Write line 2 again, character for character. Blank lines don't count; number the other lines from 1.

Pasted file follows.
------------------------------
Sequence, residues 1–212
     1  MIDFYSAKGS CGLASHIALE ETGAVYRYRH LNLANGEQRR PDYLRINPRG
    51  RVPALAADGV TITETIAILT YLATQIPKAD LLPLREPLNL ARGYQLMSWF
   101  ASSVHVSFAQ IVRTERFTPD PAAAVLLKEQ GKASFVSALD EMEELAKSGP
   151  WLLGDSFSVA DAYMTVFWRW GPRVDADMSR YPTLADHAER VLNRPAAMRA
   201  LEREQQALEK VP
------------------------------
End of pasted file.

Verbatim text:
     1  MIDFYSAKGS CGLASHIALE ETGAVYRYRH LNLANGEQRR PDYLRINPRG